Silver Alert program experiencing growing pains
Silver Alerts were intended to help police find people with mental impairments, but many of the alerts are issued without a diagnosed mental problem for the person involved.Posted — Updated
That led to a huge jump in the number of alerts issued last year.
In 2007, 217 missing person cases were entered into the system, but only six Silver Alerts went out. From January through November of 2008, 508 cases were considered and 108 Silver Alerts issued.
“We can't control the number of people that go missing, but they qualify for the criteria,” said Nona Everette, with the North Carolina Center for Missing Persons.
The center is the agency that issues Silver Alerts. There is no age limit, but the missing person must meet the following criteria:
- The person is believed to be suffering from dementia or other cognitive impairment- regardless of age.
- The person is believed to be missing – regardless of circumstance.
- A legal custodian of the missing person has submitted a missing person's report to the local law enforcement agency where the person went missing.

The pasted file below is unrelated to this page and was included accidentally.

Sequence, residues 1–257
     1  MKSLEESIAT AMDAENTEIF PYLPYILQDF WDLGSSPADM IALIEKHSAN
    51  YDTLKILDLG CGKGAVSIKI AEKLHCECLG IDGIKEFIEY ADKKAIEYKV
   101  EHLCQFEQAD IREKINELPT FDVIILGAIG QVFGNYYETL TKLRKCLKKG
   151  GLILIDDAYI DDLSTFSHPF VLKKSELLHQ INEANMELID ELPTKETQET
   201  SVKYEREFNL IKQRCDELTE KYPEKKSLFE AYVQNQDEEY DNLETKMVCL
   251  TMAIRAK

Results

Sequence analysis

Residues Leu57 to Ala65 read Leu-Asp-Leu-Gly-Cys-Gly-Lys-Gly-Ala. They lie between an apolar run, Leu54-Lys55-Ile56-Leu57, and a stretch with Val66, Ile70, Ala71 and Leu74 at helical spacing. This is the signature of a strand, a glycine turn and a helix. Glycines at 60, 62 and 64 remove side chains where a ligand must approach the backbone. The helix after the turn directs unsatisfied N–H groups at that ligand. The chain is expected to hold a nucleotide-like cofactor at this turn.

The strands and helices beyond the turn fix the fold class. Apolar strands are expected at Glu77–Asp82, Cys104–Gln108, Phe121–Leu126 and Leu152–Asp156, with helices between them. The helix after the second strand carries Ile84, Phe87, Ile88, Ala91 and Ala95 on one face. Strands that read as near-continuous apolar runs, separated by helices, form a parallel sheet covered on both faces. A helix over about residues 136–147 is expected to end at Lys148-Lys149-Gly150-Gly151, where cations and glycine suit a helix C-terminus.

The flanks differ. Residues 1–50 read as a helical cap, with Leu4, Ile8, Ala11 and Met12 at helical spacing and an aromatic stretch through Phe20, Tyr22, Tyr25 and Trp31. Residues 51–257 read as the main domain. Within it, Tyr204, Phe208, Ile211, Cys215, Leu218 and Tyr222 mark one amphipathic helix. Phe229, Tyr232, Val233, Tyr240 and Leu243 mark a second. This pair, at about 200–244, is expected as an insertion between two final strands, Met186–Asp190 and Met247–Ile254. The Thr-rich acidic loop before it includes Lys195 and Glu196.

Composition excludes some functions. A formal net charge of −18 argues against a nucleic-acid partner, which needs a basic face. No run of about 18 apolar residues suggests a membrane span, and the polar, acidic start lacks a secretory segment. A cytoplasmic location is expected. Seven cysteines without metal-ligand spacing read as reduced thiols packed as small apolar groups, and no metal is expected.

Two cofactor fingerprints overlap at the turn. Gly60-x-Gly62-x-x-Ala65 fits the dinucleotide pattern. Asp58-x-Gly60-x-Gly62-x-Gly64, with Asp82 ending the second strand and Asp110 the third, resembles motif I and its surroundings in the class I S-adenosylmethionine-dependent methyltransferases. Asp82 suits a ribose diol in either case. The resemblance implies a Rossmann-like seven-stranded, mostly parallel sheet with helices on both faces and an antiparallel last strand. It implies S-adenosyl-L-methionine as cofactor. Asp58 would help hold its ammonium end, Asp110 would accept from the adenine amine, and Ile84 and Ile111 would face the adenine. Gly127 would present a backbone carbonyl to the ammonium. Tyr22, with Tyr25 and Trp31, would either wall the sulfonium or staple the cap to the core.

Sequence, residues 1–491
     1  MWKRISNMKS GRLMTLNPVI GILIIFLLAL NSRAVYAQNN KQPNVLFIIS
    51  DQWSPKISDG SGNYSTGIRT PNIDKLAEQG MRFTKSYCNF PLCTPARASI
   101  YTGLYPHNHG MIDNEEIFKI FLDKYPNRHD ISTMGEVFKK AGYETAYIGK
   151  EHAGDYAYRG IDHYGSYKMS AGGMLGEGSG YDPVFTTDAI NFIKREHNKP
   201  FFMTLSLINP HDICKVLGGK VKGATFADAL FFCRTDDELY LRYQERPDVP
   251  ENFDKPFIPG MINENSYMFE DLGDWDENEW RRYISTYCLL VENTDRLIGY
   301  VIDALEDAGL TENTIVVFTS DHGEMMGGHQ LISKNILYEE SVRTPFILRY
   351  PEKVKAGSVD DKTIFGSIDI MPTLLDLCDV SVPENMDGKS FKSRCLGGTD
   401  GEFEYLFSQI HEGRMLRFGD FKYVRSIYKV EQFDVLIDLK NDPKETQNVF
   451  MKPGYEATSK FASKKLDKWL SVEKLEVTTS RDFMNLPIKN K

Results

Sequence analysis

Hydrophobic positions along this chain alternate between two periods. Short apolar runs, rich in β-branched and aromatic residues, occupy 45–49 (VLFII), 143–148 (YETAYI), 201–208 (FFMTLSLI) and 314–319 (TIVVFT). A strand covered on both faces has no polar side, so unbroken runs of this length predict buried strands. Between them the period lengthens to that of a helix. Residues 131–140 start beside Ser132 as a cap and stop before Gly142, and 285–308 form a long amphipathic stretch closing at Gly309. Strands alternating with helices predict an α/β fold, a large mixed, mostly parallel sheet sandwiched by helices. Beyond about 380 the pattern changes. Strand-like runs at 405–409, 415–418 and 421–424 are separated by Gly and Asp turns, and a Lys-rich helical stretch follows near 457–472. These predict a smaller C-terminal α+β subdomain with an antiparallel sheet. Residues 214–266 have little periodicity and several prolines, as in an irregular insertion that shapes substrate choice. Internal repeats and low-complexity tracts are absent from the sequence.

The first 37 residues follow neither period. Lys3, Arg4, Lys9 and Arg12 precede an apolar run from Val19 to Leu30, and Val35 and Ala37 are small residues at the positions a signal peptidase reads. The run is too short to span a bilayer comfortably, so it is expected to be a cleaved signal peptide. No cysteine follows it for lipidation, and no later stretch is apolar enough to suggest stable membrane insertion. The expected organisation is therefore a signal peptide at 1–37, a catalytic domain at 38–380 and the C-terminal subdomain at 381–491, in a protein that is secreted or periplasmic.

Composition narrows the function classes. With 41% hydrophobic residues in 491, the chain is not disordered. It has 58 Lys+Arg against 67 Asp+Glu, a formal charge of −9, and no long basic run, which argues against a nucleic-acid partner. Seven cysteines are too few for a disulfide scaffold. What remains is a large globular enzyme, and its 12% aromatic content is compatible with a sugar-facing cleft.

- Law enforcement reports the incident to the N.C. Center for Missing Persons.
“The statute didn't designate exactly what 'cognitively impaired' is,” Everette said.
“That's the most difficult part, and we have to deal with the cognitive impairment on a case-by-case basis,” Everette said.
People like Dessie Cossou understand the need for frequent alerts.
“My mother has Alzheimer's, and she's been lost a couple of times and, thank God, that someone had the heart to return my mother,” Cossou said.
Of the 108 Silver Alerts issued last year until November, 99 people were found safe and eight were found dead. One case is still listed as open; however, officials say they believe that person disappeared of his or her own will.
There is no definitive number on how many people were found as a result of the Silver Alert, but the N.C. Center for Missing Persons says all are consider successes.